Federation Kids & Family sells Cottonwood’s ‘Welcome to Lolyland’

Federation Kids & Family sells Cottonwood’s ‘Welcome to Lolyland’

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Paris-based premium children’s content producer Cottonwood Media has announced that its sister distribution company, Federation Kids & Family, has acquired the world rights to its upcoming TV series “Welcome to Lolyland.”

The project is one of 80 presented this week at Cartoon Forum, the leading European event for animated TV series in development aimed at industry professionals, taking place in the southeastern French city of Toulouse.

Based on the original “Lolicornes” comic books by Cédric Asna, Emmanuel Martin and Pierre Walterspieler, who are working on the TV adaptation, the series will consist of 52 11-minute episodes for six to nine year olds.

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It tells the story of Penny, an ordinary 10-year-old girl who wakes up one day in a strange world full of unicorns, cyclops, dragons and all kinds of strange creatures. She too has a strange horn on her forehead. On her quest to find out how this happened and how to get back home, she makes new friends and embarks on a series of missions for Grandma Loly, the mad ruler of Lolyland.

When asked about the show’s standout qualities, Cottonwood founder and CEO David Michel said: Variety that it’s part of the company’s strategy to create more culturally specific shows for an increasingly demanding audience.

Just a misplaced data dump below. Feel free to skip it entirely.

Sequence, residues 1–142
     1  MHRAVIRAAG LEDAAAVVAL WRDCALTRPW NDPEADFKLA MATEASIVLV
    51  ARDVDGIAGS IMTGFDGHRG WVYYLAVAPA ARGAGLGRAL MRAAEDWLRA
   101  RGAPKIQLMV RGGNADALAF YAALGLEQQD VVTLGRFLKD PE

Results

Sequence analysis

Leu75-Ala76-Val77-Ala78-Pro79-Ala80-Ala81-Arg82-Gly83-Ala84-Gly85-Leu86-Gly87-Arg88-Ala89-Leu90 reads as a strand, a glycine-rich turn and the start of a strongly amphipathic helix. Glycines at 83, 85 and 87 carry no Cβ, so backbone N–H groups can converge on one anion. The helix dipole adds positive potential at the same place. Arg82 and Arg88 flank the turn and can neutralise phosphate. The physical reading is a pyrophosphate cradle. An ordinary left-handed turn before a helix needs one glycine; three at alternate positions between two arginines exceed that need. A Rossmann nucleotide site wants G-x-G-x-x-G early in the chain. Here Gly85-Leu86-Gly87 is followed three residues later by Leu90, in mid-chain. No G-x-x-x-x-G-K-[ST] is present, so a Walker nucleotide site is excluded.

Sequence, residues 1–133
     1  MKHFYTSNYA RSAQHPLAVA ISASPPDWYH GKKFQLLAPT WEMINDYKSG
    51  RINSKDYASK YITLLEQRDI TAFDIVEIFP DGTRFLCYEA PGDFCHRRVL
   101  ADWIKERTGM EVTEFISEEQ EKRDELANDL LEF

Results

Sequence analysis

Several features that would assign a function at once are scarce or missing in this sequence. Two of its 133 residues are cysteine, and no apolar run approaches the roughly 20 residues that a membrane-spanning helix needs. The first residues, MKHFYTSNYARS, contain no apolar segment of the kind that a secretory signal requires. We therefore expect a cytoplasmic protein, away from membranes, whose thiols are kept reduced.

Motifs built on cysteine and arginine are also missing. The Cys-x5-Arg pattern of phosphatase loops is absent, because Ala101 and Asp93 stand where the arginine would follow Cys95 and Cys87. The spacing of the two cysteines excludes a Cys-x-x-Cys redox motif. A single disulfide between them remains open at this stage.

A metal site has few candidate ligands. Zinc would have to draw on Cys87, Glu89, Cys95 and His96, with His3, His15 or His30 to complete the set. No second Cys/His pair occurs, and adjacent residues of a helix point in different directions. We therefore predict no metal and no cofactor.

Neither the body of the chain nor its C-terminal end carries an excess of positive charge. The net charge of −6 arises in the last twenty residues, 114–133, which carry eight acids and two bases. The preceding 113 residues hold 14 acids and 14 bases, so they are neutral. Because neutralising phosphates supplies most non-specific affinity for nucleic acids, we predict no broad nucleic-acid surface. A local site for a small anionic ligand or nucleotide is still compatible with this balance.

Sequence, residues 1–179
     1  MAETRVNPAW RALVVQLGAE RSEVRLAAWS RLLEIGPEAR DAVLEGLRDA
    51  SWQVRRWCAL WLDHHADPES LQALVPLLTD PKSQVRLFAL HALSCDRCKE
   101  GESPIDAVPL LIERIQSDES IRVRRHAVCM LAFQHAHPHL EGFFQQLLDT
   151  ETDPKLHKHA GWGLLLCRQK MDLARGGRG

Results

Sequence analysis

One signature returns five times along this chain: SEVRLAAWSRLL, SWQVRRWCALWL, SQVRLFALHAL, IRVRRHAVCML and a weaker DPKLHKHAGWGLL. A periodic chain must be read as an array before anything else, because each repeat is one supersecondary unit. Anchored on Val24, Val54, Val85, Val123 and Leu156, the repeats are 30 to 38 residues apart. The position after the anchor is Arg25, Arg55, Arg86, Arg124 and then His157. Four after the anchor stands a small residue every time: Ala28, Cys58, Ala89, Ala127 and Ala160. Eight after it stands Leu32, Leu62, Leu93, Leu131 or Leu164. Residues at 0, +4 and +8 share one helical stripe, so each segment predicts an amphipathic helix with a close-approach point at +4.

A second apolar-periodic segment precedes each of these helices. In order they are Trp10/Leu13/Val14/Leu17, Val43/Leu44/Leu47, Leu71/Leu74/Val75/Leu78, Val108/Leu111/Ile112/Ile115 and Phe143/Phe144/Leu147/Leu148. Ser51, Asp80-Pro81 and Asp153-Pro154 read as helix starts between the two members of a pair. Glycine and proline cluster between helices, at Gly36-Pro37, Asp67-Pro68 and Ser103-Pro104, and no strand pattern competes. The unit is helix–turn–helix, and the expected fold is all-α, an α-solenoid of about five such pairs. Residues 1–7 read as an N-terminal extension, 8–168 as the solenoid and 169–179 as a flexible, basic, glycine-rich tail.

“If you look at the kind of shows we’ve produced over the years that are doing well, “Find Me in Paris” is a show about a girl lost in time in Paris, which is very popular internationally and in the US. did well, the other live action show we have now, “Theodosia”, is set in England in 1905. These shows are very culturally specific and [“Welcome to Lolyland”] fits in: we don’t try to be culturally generic. So the comic we’ve been working on is very French, the design and humor are very French, and that’s what we went for – it’s part of this trend of going back to local for a global audience.

With an expected general slowdown in the market, according to Michel, the aim is to rely on quality rather than quantity. “For companies whose strategy relies on volume, it becomes quite problematic,” he said. “Because the volume of commissions from the streamers is already falling. So we’re going for quality, a very limited number of shows and titles, and nurturing them to make sure they really stand out.”

Cartoon Forum will run from September 19 to 22 in Toulouse.

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